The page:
This is Dudley Observatory’s Skywatch Line for Friday, October 18, through Sunday, October 20, written by Sam Salem.
On Friday, Sun rises at 7:12am and sets at 6:09pm; the waning gibbous Moon rises at 9:18pm and sets at 11:48am.
Saturn, at magnitude 0.5, resides among the background stars of constellation Sagittarius the Archer, 25 degrees high in the south-southwest as twilight fades to darkness. It appears significantly brighter than any of its host constellation’s stars. Even a small telescope shows Saturn’s disk and spectacular ring system, which spans 37 arc-seconds and tilts 25 degrees to our line of sight. Saturn sets around 11pm.
Mercury reaches greatest elongation at midnight on Saturday. At that time, Mercury stands 25 degrees east of the Sun. Mercury climbs just 3 degrees high 30 minutes after sunset. Mercury and Venus are very low in bright twilight after sunset. Start by trying for Venus, at magnitude –3.9, just above the west-southwest horizon a mere 20 minutes after sunset. Some 8 degrees to its left is Mercury, much dimmer at magnitude –0.1. That’s only 3 % as bright as Venus. Use binoculars to help you locate Mercury.
Jupiter, at magnitude –2.0, is the white dot low in the southwest in the feet of Constellation Ophiuchus, as twilight fades. Jupiter is nearly on the far side of the Sun from us, appearing only 35 arc-seconds wide in a telescope and very smush in the low-altitude seeing.
Vega, in constellation Lyra, is the brightest star high in the west after dark. To its lower right by nearly a fist and a half at arm’s length, look for Eltanin, the nose of Draco the Dragon. The rest of Draco’s fainter, lozenge-shaped head is a little farther behind. Draco always eyes Vega. The main stars of Vega’s own constellation, Lyra, now extend to Vega’s left. They are quite faint by comparison. Altair, in constellation Aquila, is about equally high as Vega but not quite as bright. Just upper right of Altair, by a finger-width at arm’s length, spot little orange Tarazed. Down from Tarazed runs the stick-figure backbone of Aquila, the Eagle. If you have a dark sky, make your acquaintance with the constellation Draco. Draco is a circumpolar constellation. It is out all night long every night of the year. This serpentine star figure wanders in between the Big and Little Dippers, with its tail found between the bowl of the Big Dipper and the star Polaris.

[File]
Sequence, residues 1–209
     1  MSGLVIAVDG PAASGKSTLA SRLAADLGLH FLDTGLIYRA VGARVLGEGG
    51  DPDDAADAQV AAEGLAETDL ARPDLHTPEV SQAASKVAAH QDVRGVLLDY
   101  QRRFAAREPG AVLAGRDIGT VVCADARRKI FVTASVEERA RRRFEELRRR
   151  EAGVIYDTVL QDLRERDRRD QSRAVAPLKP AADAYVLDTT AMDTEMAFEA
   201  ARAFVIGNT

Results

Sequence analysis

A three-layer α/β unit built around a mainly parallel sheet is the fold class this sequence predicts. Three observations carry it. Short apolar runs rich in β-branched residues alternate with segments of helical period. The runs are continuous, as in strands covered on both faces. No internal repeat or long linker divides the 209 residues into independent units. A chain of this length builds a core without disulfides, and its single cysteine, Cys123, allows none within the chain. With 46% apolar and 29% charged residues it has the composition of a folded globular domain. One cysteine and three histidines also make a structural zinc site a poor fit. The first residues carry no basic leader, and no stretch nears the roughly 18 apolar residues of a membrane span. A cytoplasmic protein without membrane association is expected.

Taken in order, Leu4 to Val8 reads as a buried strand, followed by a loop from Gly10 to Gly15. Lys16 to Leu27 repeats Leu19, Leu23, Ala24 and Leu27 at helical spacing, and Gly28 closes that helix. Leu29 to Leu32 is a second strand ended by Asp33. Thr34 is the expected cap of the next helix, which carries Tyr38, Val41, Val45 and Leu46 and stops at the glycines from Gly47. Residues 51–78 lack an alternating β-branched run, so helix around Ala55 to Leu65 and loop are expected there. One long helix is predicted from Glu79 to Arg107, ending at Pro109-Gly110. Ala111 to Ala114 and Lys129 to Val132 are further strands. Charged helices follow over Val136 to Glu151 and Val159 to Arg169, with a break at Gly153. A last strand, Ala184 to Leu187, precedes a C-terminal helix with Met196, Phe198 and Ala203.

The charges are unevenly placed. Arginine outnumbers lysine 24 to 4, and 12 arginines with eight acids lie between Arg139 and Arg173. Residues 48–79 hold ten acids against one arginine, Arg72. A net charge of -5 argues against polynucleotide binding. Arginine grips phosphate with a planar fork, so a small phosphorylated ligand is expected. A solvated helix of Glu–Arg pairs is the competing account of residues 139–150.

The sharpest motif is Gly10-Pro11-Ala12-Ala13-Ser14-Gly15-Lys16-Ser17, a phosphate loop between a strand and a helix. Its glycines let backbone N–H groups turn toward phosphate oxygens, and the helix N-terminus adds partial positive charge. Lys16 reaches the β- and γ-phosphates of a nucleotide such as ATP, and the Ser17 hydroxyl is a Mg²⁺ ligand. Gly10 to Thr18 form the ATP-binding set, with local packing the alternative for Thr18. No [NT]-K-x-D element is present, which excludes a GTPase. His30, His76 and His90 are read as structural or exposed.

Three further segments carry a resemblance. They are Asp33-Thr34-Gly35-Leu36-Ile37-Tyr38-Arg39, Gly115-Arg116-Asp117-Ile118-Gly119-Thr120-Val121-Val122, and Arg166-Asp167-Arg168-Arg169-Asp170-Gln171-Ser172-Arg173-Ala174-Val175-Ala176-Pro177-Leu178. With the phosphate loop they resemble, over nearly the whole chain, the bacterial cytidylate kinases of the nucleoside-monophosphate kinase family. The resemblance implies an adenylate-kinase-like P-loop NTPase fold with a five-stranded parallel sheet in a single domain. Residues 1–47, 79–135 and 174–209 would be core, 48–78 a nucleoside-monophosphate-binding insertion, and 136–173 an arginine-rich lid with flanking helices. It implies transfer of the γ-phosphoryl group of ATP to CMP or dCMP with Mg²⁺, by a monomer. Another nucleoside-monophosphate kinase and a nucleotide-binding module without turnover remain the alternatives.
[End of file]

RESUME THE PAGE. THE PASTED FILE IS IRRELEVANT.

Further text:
Friday marks the 30th. anniversary of Galileo space orbiter launch. The craft gained speed from gravity assists in encounters with Venus and Earth before heading outward to Jupiter. During its six year journey to Jupiter, Galileo’s instruments made interplanetary studies, using its dust detector, magnetometer, and various plasma and particles detectors. It also made close-up studies of two asteroids, Gaspra and Ida in the asteroid belt. The Galileo orbiter’s primary mission was to study Jupiter, its satellites, and its magnetosphere for two years.